- Dependent personality disorder. People with dependent personality disorder depend on other people to meet their emotional and physical needs. They usually avoid being alone and regularly need reassurance when making decisions. They may also be more likely to tolerate physical and verbal abuse.
- Obsessive-compulsive personality disorder. People with obsessive-compulsive personality disorder have an overwhelming need for order. They strongly adhere to rules and regulations, and they feel extremely uncomfortable when perfection isn’t achieved. They may even neglect personal relationships to focus on making a project perfect.
The Diagnostic and Statistical Manual of Mental Disorders, Fifth Edition (DSM-5), is a reference that doctors and mental health professionals use to help diagnose mental health conditions. Each personality disorder has criteria that must be met for a diagnosis.
A primary care doctor or mental health professional will ask you questions based on these criteria to determine the type of personality disorder. In order for a diagnosis to be made, the behaviors and feelings must be consistent across many life circumstances.
They should also cause significant distress and impairment in at least two of the following areas:
- the way you perceive or interpret yourself and other people
- the way you act when dealing with other people
- the appropriateness of your emotional responses
- how well you can control your impulses
In some cases, your primary care doctor or mental health professional may perform blood tests to determine whether a medical problem is causing your symptoms. In some cases, they may order a screening test for alcohol or drugs if they think substances are causing your symptoms.
Treatment can vary depending on the type and severity of your personality disorder. It may include psychotherapy and medications.
Psychotherapy, or talk therapy, may help in managing personality disorders. During psychotherapy, you and a therapist can discuss your condition, as well as your feelings and thoughts. This can provide you with insight on how to manage your symptoms and behaviors that interfere with your daily life.
There are many types of psychotherapy. Dialectical behavior therapy can include group and individual sessions where people learn how to tolerate stress and improve relationships. Cognitive behavioral therapy aims to teach people how to change negative thinking patterns so they can better cope with everyday challenges.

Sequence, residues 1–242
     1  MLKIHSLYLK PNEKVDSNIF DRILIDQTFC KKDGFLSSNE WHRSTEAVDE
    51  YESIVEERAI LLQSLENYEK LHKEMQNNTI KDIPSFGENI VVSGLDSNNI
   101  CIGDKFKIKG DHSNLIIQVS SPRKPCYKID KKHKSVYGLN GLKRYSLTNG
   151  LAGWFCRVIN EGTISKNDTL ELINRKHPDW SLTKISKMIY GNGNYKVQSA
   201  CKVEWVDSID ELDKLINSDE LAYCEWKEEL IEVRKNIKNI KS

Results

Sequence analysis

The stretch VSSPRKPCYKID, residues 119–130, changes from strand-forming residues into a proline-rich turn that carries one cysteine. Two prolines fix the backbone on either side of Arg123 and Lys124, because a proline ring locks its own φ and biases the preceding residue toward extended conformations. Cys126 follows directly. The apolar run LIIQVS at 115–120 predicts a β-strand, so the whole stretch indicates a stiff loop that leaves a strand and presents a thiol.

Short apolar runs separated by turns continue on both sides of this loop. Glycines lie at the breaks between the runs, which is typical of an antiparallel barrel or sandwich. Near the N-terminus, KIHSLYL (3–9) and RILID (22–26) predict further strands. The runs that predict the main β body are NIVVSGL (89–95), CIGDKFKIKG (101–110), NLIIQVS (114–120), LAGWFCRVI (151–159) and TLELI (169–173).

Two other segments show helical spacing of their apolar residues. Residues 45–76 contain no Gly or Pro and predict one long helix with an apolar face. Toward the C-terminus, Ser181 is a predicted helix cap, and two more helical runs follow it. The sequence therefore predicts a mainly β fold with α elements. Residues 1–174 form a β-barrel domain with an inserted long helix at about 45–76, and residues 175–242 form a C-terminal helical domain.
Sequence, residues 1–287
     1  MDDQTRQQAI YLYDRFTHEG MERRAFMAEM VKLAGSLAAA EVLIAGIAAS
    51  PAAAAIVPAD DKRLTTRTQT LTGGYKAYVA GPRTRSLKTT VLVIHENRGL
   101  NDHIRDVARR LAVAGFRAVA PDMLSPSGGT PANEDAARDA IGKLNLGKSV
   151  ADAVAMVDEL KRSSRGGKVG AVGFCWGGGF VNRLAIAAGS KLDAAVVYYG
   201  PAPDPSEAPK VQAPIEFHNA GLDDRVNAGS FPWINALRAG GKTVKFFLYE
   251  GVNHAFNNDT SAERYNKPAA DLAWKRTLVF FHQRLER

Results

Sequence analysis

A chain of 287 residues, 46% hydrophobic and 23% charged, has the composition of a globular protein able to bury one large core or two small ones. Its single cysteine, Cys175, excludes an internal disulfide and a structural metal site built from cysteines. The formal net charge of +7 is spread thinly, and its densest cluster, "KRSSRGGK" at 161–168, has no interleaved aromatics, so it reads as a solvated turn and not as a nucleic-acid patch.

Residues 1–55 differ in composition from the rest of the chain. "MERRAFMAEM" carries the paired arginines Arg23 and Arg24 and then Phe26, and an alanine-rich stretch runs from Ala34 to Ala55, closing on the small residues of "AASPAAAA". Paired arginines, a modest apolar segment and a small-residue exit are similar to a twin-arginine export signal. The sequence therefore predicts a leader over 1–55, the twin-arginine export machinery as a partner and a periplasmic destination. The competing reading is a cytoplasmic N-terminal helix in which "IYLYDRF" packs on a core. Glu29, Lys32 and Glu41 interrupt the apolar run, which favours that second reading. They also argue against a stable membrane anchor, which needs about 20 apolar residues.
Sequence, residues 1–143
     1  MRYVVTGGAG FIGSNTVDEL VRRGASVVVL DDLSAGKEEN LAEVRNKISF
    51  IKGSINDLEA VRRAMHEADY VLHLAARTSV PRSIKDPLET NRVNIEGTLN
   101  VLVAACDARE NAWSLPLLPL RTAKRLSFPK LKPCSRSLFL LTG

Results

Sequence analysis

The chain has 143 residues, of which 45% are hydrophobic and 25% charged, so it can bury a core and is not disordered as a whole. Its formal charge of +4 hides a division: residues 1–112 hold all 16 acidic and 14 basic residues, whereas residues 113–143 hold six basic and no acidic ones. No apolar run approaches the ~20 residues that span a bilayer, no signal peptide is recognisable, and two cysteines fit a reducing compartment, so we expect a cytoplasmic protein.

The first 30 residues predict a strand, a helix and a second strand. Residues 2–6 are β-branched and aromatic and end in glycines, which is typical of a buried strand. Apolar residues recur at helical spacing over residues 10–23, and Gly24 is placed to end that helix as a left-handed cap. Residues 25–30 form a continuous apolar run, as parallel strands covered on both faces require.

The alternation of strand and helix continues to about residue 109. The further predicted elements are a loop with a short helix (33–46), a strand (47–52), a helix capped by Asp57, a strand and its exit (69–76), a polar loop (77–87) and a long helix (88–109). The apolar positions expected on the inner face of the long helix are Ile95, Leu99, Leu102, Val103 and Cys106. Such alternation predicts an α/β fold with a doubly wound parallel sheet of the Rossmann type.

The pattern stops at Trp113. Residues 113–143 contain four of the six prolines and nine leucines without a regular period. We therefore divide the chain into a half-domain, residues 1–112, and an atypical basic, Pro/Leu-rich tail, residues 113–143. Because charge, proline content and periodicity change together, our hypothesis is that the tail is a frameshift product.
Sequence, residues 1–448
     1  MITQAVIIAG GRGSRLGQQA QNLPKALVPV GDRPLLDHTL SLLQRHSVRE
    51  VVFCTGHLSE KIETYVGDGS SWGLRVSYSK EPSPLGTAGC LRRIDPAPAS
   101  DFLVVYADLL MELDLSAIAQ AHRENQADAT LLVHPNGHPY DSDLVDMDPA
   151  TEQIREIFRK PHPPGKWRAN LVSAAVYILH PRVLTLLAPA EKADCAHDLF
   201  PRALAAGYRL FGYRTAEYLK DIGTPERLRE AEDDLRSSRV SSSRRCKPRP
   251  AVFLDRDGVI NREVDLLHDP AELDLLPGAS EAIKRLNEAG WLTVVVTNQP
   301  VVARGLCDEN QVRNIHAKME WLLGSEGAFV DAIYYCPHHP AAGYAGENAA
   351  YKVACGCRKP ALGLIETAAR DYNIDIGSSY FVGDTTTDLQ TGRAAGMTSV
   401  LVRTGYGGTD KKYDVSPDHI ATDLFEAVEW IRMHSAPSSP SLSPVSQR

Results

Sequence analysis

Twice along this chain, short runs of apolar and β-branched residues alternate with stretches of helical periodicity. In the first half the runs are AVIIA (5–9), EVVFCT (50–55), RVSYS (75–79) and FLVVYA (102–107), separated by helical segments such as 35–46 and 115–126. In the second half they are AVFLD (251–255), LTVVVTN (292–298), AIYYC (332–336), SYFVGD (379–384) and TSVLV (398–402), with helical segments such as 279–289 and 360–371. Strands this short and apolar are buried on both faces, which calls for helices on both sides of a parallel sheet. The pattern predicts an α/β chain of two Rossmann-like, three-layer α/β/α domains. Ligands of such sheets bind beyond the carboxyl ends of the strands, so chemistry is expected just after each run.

There aren’t any medications approved for the treatment of personality disorders. However, certain types of prescription medications might be helpful in reducing various personality disorder symptoms, such as:
- antidepressants, which can help improve a depressed mood, anger, or impulsivity
- mood stabilizers, which prevent intense mood changes and reduce irritability and aggression
- antipsychotic medications, also known as neuroleptics, which can help reduce symptoms of psychosis like hallucinations and delusions
- anti-anxiety medications, which can help relieve anxiety, agitation, and insomnia
If you think someone may have symptoms of a personality disorder, or if they tell you that they think they do, encourage them to talk with a mental health professional. While voicing your concerns may cause tension, emphasize that your first priority is their well-being.
Call 911 or local emergency services if you ever feel that the other person intends to cause harm to themselves or others.
You can also provide your loved one with a list of crisis resources for when they need immediate support. Below are some hotlines and text lines that they can reach 24/7.
The most important aspect of treating a personality disorder is determining the condition in the first place. When you recognize that you have a mental health condition, it will be easier for you to seek and stick with treatment.
Once you find a treatment that works for you, you should see an improvement in your symptoms.
You may have to try a few different types of treatment to find what works best. That’s OK. What matters is that you find a good fit.